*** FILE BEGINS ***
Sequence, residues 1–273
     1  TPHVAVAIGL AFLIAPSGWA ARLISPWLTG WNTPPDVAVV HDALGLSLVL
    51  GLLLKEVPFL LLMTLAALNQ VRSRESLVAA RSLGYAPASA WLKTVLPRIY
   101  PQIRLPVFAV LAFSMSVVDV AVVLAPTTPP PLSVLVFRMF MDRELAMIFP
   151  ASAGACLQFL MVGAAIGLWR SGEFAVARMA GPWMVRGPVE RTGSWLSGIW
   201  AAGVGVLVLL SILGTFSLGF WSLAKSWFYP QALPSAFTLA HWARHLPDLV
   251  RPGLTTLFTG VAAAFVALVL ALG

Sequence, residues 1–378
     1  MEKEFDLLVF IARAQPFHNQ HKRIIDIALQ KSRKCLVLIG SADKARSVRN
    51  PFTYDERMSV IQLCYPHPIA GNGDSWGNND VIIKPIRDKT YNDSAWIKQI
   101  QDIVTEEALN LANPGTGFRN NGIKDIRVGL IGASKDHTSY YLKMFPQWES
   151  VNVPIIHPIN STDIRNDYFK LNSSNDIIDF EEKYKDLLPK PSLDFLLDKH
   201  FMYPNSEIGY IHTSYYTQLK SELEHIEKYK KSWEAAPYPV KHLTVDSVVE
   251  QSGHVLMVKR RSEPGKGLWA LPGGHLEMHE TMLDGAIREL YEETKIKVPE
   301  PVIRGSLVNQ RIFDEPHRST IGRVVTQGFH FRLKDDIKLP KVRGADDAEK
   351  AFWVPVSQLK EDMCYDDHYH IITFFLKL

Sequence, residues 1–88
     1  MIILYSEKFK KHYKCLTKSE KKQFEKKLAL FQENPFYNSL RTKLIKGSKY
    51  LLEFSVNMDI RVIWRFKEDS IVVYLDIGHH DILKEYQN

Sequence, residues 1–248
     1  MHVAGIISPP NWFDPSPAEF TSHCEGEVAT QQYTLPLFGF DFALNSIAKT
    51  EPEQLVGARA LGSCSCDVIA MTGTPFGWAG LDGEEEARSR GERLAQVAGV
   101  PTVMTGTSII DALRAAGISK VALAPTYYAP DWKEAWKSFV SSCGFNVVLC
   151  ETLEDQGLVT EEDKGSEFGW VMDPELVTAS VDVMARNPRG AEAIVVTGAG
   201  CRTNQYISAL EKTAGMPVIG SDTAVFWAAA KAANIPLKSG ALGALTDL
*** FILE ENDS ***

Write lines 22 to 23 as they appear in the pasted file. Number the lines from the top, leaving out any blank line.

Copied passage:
    51  EPEQLVGARA LGSCSCDVIA MTGTPFGWAG LDGEEEARSR GERLAQVAGV
   101  PTVMTGTSII DALRAAGISK VALAPTYYAP DWKEAWKSFV SSCGFNVVLC